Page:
Evaluating Language Assessments
Routledge – 2014 – 272 pages
Evaluating Language Assessments offers a comprehensive overview of the theoretical bases and research methodologies of the evaluation of language assessments and demonstrates the importance of a fuller understanding of this widely-used evaluative tool. The volume explores language assessment evaluation in its wider political, economic, social, legal, and ethical contexts while also illustrating quantitative and qualitative methods through discussions of key research studies. Suitable for students in applied linguistics, second language acquisition and language assessment and education, this book makes the case for a clear and rigorous understanding of the theoretical and methodological underpinnings of language assessment evaluation as key to its successful implementation.
About the NPLA series:
Headed by two of its leading scholars, the New Perspectives in Language Assessment series captures the burgeoning field of language assessment by offering comprehensive and state-of-the-art coverage of its contemporary questions, pressing issues, and technical advances. It is the only active series of its kind on the market, and includes volumes on basic and advanced topics in language assessment, public policy and language assessment, and the interfaces of language assessment with other disciplines in applied linguistics. Each text presents key theoretical approaches and research findings, along with concrete practical implications and suggestions for readers conducting their own research or developmental studies.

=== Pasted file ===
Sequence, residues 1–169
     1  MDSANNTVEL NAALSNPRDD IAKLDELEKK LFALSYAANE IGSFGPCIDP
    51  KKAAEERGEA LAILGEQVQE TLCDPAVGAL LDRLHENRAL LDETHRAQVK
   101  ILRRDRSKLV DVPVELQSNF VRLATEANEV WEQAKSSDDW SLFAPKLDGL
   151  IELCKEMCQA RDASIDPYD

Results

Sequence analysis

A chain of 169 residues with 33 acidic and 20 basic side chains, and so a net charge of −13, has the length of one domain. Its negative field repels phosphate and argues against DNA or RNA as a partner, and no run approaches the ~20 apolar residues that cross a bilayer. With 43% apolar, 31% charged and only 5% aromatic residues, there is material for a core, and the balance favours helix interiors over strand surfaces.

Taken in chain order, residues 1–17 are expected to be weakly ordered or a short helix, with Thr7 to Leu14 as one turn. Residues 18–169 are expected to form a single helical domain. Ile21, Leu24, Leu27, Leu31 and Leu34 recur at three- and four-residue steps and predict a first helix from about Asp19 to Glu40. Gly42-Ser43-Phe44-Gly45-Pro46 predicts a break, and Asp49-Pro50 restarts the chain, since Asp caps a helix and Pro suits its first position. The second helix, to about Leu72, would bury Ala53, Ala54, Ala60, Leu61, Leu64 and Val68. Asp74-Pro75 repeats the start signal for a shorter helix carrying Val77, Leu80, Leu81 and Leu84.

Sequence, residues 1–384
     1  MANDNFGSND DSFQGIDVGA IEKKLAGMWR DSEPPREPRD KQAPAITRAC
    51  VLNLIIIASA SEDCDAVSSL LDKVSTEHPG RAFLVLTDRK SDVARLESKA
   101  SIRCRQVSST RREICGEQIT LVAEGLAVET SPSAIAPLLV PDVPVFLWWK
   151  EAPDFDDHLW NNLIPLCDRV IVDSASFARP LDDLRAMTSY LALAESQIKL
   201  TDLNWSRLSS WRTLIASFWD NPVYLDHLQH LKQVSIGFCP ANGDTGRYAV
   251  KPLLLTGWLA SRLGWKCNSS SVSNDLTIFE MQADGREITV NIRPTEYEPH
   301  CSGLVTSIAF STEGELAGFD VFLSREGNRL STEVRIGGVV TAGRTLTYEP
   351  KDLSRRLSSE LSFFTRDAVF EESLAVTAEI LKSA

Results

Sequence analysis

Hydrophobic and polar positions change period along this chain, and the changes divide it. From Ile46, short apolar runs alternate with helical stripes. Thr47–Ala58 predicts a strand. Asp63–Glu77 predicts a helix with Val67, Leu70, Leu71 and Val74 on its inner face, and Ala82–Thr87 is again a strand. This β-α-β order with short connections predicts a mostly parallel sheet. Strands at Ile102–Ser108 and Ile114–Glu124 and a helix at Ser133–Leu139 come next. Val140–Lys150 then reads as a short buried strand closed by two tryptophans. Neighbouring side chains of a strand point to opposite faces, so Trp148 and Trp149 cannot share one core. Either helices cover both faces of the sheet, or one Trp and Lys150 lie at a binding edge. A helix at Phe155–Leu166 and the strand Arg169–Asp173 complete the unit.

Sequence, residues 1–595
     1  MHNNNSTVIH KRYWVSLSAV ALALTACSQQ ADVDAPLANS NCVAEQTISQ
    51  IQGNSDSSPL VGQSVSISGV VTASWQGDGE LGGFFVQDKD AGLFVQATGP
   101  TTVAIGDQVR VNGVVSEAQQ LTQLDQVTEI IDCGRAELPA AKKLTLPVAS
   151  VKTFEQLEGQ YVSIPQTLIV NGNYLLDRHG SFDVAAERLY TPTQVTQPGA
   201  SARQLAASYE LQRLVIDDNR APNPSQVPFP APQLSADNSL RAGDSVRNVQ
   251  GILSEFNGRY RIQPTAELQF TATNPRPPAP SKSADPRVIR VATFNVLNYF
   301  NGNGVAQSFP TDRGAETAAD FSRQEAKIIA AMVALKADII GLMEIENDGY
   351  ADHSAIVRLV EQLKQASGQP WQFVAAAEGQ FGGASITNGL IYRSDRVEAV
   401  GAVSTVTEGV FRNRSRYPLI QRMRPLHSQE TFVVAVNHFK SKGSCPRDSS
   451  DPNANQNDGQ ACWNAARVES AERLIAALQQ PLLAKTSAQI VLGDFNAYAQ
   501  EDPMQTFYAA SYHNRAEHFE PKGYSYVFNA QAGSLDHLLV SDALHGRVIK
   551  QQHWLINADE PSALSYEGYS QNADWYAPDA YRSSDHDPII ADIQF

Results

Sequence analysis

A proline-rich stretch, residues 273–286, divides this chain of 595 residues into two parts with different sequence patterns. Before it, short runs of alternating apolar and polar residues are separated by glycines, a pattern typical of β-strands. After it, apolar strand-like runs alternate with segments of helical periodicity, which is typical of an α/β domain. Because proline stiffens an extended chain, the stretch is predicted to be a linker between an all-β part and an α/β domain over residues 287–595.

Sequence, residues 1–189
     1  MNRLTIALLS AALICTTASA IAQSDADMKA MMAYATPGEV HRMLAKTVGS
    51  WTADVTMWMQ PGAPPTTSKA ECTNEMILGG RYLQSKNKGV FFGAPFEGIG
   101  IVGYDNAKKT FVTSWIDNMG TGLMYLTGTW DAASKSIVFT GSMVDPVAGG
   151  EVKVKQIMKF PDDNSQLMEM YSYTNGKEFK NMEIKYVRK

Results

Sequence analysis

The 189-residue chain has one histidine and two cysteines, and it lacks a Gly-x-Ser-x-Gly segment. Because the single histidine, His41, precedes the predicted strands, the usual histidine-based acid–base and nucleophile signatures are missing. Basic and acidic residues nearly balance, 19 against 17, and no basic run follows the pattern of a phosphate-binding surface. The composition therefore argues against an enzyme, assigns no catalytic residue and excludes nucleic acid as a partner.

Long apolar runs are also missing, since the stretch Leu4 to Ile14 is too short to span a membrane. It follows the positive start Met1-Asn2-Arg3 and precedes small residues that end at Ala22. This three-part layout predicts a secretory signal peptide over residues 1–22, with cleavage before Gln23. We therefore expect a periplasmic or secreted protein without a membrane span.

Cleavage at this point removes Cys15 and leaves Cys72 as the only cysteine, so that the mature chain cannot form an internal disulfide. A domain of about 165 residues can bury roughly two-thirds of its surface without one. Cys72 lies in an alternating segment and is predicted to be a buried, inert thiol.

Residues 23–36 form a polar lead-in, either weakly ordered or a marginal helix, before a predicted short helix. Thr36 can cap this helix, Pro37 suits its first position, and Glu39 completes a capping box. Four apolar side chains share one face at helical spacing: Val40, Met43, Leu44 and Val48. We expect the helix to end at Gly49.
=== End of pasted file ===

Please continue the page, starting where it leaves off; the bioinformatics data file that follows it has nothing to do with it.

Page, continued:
Part 1: Overview. Chapter 1: Language assessment - contexts. Chapter 2: Assessment evaluation framework. Part 2: Evaluation evidence. Chapter 3: The political, economic, educational, social and cultural, legal and ethical. Chapter 4: Validation - content, criterion, and reliability. Chapter 5: Validation - construct. Chapter 6: Validation - test methods, technology, test scoring. Chapter 7: Absence of bias - content and language. Chapter 8: Access - opportunity to learn and accommodations. Chapter 9: Administration - uniformity, security, scoring, reporting, diagnosis. Part 3: Overall evaluation argument. Chapter 10: Building arguments - possibilities and challenges, monitoring and accreditation.
Antony John Kunnan is Professor in the TESOL Program and Applied and Advanced Studies in Education at California State University, Los Angeles.